Tuna or Salmon Teriyaki Recipe
This traditional Japanese marinade is perfect for most fish steaks. Tuna or salmon are recommended, but you can also substitute swordfish. Seafood can be enhanced by a variety of spices, as this recipe shows.
Yield: 4 servings
Preparation time: 10 minutes; 15 to 30 minutes marinating time
Cooking time: 10 minutes
Spice meter: Mildly spiced
3/4 cup teriyaki sauce
2 scallions, white and green parts, sliced
1-1/2 to 2 pounds tuna or salmon steaks, about 1-inch thick
In a shallow dish, combine the teriyaki sauce and scallions. Add the fish and turn to coat evenly. Cover and marinate in the refrigerator for 15 to 30 minutes, turning the fish once or twice.
Remove the fish from the marinade. Reserve the marinade for basting.
Preheat the grill or broiler. Grill or broil, basting occasionally and turning once, about 3 to 5 minutes per side until the fish is cooked through and is firm but not flaky.
Cut the fish into 1-1/2 to 2-inch cubes. Alternately thread the fish onto skewers with pieces of raw onion, bell pepper, or pineapple. Marinate for 20 to 40 minutes. Grill or broil, basting and turning the skewers occasionally, until the fish is cooked through, about 9 to 12 minutes.
Marinate London Broil or any steaks such as sirloin or filet in the teriyaki sauce for 1 hour. Grill or broil, basting occasionally, until the meat is cooked through to your taste: rare, medium-rare, or medium.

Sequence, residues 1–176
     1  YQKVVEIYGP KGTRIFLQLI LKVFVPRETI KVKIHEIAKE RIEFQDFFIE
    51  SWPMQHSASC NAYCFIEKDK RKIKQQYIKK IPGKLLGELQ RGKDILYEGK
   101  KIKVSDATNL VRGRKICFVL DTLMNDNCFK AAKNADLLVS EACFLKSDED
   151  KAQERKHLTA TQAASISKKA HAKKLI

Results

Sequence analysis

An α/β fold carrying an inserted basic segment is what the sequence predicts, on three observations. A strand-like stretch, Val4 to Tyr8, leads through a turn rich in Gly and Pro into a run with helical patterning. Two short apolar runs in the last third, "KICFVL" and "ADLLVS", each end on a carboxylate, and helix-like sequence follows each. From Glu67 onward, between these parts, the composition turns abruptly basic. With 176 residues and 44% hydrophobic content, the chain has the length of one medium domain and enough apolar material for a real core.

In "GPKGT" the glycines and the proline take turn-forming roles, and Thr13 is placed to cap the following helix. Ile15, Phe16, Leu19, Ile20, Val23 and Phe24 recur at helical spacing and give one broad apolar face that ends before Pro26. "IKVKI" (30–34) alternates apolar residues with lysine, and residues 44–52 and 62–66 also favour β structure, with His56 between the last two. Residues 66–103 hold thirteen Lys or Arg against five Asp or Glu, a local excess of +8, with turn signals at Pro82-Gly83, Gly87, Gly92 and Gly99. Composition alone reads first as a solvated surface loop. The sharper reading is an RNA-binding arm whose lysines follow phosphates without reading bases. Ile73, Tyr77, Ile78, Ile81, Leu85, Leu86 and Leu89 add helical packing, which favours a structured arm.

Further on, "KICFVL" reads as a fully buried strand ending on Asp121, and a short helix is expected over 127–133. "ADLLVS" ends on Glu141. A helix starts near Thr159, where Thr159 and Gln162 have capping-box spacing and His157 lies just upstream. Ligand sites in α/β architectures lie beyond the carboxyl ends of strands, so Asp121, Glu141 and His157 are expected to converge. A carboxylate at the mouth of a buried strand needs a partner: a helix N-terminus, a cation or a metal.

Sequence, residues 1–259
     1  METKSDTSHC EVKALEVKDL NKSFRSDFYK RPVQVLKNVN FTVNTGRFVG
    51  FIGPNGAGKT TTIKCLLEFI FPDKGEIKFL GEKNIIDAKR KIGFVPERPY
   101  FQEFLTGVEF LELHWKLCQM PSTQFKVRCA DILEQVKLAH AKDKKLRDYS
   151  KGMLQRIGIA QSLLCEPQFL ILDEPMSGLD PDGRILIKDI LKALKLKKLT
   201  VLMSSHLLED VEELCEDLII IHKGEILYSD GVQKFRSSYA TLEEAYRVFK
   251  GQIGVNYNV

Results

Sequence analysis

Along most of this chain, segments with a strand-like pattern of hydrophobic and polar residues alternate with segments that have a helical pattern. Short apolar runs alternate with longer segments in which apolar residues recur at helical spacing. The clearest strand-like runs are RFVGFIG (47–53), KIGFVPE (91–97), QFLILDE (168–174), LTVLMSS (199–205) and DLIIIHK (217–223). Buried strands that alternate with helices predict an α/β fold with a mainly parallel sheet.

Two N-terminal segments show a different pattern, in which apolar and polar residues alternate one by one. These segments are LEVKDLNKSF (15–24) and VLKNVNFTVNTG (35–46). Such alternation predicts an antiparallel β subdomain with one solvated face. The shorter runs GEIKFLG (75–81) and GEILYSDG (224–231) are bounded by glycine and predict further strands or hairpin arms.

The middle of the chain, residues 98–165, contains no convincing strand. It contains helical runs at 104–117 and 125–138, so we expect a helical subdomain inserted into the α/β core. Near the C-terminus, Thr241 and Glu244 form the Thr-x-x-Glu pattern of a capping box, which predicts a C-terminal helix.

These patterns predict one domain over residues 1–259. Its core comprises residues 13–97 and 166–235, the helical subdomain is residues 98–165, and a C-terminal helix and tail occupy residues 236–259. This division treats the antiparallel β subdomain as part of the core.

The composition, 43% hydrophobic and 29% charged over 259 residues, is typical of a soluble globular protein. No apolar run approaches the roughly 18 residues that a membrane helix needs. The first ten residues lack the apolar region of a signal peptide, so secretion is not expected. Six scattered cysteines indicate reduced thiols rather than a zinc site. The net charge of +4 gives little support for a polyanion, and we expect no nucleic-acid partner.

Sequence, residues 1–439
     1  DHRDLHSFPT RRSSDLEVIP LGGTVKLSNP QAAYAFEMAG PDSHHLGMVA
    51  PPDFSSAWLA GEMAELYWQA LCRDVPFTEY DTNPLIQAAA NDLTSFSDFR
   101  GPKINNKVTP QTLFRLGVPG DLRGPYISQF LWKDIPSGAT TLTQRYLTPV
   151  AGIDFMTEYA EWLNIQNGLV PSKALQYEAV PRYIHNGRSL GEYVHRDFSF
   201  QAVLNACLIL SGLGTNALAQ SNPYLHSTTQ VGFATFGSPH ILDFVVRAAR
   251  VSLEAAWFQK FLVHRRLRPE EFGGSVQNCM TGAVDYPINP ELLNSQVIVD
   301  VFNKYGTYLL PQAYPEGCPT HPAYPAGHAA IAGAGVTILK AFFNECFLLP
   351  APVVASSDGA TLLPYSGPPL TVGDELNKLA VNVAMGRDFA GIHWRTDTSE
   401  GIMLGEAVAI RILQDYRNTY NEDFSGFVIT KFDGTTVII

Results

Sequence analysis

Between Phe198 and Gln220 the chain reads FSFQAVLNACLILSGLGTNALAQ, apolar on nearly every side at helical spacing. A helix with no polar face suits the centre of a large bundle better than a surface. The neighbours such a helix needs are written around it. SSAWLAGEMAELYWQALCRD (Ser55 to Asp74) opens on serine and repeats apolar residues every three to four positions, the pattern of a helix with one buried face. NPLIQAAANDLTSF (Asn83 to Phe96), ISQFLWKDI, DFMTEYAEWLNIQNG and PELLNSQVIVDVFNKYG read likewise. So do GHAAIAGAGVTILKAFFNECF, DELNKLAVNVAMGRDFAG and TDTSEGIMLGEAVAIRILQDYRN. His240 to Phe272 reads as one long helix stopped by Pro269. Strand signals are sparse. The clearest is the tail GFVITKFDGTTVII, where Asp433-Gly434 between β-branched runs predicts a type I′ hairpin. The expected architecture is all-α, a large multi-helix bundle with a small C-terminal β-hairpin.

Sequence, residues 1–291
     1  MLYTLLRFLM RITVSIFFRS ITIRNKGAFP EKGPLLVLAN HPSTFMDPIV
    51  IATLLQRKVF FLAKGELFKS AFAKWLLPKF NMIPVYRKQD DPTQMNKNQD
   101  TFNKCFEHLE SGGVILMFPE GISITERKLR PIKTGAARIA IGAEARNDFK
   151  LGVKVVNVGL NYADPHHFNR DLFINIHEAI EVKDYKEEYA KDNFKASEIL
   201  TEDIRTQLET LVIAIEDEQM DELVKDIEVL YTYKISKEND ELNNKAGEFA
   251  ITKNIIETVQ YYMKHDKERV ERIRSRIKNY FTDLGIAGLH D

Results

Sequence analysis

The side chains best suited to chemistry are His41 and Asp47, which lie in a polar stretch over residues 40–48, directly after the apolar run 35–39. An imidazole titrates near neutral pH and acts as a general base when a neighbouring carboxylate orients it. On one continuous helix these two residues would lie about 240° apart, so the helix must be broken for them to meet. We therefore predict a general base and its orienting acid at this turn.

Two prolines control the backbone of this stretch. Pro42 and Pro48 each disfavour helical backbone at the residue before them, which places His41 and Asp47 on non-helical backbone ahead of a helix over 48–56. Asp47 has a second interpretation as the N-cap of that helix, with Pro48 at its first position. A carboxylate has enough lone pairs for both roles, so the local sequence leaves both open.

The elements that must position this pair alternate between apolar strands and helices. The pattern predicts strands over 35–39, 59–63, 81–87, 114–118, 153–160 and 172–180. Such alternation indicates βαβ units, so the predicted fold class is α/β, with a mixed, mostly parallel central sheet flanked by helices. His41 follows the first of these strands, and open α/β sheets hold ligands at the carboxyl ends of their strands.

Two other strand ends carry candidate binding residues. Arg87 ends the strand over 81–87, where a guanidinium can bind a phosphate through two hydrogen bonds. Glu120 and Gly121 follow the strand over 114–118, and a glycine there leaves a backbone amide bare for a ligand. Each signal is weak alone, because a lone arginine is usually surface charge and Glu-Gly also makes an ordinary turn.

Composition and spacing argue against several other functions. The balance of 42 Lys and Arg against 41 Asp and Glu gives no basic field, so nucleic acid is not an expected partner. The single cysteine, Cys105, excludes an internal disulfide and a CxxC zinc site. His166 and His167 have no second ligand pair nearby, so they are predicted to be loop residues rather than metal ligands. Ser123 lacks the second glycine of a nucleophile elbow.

Per serving: Calories 294 (From Fat 73); Fat 8g (Saturated 2g); Cholesterol 63mg; Sodium 2,133mg; Carbohydrate 12g (Dietary Fiber 0g); Protein 40g.
This classic Japanese marinade can be used for steaks, pork chops, pork tenderloin, and chicken cutlets, as well as for tuna or salmon steaks. It will keep for 2 to 4 weeks in the refrigerator. The recipe can be halved or doubled.
Yield: About 1 cup
Preparation time: 10 minutes
Cooking time: 5 minutes
Spice meter: Mildly spiced
2/3 cup soy sauce
1/3 cup mirin or dry sherry
2 tablespoons sake or water
3 tablespoons sugar or honey
2 plump cloves garlic, pressed or minced
1-inch piece fresh ginger, minced
2 teaspoons Chinese sesame oil (optional)
Combine all the ingredients in a saucepan over medium-low heat. Simmer, stirring once or twice, until the sugar is dissolved, about 3 to 5 minutes. Do not boil.
Cool completely before using as a marinade. Store the sauce in a covered container in the refrigerator until you’re ready to use it.
To use, pour the marinade over the meat, poultry, or seafood and turn the food to coat it. Marinate in the refrigerator for a minimum of 20 minutes or up to 1 hour, turning occasionally. Broil or grill the food until it’s cooked as you prefer.
Sake is Japanese rice wine. Mirin is sweetened Japanese rice wine. Both are sold in Asian markets. Sake is also sold in wine and spirit shops.
You can substitute ginger liqueur for the sake or water in the recipe, but then omit the ginger that this recipe calls for.
Per serving: Calories 19 (From Fat 0); Fat 0g (Saturated 0g); Cholesterol 0mg; Sodium 689mg; Carbohydrate 4g (Dietary Fiber 0g); Protein 1g.